Getting students engaged with a lesson can be the hardest thing about teaching. You can come up with the most engaging things possible, and then realize that it will cost way too much to actually carry out. Obviously, we can’t bring in exotic zoo animals to our class every day, but there are plenty of things we can do.
Many teachers use videos or movie clips to start class, but just have students watch them to watch them. By using PlayPosit teachers are able to add in questions at specific points in videos. Students have to answer these questions before they can move on in the video. This tool helps use both an engaging video as well as a formative assessment in the questions.
Here is an example of a “bulb” made for the introduction to ecosystems: https://www.playposit.com/share/405500/760313
Brain teasers can be used to just get your students talking and thinking. Some days your students are going to come into your class just tired and very unmotivated. By giving them a brain teaser, they are engaged and have to pull on every piece of knowledge you have.
Brain teasers can be word play like the ones above, or they can be more story like.
Science in the news
This one could be hit or miss with the whole engaging thing. But, I think it is important and can really help students appreciate what is going on around them. You could do this by picking a news article that has science involved, or you could give students a choice between multiple and have them pick one that they want to talk about in class.
One resource for this is the science news section of Google.
We get it. Students love their phones. We hate when they use their phone. But what if we find a way to let them use their phone in a that they can learn from it while still being engaged?
You could create polls on Twitter while posing a hard question or a controversial question which could lead to a class discussion after taking it.
Patriots or Falcons? #SuperBowl
— polls (@polls) February 5, 2017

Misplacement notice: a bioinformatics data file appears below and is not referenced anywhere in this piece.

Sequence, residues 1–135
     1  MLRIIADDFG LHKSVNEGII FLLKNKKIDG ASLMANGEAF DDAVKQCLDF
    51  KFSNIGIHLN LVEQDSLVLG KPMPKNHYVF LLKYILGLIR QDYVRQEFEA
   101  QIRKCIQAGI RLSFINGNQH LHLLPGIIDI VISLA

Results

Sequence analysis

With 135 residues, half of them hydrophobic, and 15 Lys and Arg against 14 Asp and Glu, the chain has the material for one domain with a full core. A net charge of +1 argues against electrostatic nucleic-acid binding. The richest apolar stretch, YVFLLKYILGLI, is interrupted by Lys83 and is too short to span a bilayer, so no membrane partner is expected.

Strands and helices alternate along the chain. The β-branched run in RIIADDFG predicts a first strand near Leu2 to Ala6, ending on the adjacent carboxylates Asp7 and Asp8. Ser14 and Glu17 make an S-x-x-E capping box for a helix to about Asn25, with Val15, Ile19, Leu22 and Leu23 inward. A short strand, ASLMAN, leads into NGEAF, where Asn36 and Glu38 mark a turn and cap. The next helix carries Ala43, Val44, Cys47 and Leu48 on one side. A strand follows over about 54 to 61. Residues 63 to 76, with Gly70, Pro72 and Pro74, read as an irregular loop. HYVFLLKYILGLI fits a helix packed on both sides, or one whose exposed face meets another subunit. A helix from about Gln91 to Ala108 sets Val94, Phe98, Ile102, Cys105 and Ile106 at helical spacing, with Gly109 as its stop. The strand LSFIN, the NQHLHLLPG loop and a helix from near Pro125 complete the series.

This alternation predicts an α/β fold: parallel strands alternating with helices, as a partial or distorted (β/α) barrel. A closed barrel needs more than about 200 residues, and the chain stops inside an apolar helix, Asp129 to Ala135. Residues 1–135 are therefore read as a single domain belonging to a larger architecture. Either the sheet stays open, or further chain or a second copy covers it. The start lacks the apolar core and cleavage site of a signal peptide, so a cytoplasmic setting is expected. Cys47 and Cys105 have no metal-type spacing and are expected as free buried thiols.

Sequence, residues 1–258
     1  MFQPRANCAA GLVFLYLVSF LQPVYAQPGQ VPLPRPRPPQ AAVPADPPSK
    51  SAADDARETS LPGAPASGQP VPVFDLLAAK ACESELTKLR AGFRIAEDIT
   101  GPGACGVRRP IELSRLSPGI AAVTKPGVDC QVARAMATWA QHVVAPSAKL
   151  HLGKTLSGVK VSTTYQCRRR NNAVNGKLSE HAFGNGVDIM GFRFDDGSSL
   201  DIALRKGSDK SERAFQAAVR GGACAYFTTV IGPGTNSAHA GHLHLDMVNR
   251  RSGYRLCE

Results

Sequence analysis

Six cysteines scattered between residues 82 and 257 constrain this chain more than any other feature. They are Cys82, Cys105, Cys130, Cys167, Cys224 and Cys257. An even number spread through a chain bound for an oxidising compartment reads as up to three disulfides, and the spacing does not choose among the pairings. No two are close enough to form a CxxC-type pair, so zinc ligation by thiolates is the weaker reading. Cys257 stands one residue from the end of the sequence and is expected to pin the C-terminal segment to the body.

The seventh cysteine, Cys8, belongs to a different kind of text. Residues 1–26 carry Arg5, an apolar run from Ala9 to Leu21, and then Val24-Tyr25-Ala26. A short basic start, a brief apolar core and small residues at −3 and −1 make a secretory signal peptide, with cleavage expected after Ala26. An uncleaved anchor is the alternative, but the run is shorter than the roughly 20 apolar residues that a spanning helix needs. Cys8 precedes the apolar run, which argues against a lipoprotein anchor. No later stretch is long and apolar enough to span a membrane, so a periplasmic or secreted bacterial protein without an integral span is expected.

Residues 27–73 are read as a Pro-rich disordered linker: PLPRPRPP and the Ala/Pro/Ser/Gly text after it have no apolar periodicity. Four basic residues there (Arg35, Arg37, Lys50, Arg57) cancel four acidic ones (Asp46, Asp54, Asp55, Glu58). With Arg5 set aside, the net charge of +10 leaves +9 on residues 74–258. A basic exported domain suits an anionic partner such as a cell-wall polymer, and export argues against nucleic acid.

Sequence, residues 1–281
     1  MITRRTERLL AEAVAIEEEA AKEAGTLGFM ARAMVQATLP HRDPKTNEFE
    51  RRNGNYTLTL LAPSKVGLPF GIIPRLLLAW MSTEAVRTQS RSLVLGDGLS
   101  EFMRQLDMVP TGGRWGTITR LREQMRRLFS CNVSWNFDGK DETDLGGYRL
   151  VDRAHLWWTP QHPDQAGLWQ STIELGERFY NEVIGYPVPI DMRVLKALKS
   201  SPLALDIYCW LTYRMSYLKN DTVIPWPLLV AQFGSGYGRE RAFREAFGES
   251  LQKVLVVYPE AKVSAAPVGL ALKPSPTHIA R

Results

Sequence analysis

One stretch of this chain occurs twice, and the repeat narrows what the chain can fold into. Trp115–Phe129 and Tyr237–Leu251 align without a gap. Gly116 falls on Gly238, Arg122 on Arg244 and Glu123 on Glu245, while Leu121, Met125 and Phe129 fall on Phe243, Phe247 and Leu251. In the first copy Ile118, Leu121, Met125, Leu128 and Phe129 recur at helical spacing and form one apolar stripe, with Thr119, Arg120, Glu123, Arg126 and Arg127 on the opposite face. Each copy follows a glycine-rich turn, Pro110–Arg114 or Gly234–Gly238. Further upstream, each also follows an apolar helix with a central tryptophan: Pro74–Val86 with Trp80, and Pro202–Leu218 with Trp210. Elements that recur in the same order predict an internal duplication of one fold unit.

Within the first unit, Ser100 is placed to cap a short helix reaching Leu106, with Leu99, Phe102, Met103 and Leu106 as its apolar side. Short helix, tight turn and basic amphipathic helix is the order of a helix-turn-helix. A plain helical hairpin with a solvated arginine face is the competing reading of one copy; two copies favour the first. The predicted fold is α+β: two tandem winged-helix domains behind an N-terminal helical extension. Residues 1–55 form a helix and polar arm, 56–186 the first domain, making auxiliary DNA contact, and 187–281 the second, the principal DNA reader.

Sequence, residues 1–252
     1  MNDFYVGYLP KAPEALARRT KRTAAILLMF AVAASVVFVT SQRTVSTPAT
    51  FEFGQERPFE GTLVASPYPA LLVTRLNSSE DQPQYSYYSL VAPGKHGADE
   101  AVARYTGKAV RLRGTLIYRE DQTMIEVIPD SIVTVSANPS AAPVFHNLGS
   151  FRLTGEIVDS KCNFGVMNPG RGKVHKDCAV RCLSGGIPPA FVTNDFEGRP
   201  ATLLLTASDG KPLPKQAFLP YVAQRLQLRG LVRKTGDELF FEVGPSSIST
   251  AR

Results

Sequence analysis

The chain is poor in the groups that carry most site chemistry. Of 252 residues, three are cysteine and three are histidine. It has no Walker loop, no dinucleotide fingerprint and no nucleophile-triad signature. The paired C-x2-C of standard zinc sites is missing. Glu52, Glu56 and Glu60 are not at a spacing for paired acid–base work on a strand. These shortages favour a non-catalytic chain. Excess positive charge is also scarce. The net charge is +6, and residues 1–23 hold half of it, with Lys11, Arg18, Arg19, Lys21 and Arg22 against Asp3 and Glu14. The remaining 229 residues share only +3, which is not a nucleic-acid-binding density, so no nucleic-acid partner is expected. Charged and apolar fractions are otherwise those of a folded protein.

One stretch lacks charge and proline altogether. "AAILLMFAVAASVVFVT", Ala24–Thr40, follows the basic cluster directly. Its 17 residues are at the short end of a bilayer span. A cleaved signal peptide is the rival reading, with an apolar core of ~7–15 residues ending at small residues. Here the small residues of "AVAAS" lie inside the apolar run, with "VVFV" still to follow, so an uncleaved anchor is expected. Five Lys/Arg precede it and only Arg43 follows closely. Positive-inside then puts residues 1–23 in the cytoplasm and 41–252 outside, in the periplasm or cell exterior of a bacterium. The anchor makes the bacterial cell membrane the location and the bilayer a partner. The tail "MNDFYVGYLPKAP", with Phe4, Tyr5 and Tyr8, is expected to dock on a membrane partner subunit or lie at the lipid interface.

You could have students look up a recent National Geographic or other science related user and find ways that the picture relates to the topic you are currently learning about.
Other free(ish) resources!!!
Phet Simulations allow students to manipulate variables and see what happens quicker than if they were actually conducting the experiments themselves.
- Each simulation has a “For Teachers” section that has lesson plans and worksheets made by other teachers. These lesson plans are free for registered uses and registration is free!
Edheads is not a completely free website. There are a few free simulations like a hip replacement, sickle cell DNA, and trauma that you can use without registration. If you have 30 or more students, you could purchase the website for $30 dollars and have up to 250 students use it.
- Each game on this website also has a teacher resources section that has worksheets and even a quiz
- The website also breaks its games into grade levels so you can pick appropriate games for your students
This blog has a whole list of different interactive websites that are free or low cost that science teachers can use! They are mainly geared towards Life science, but they are awesome!
The Biology Corner
The biology corner is a website with a bunch of free lesson plans and worksheets. I am not completely sure how engaging or fun these activities would be because I have never used them in practice, but hey, free is free my friends.
Teachers Pay Teachers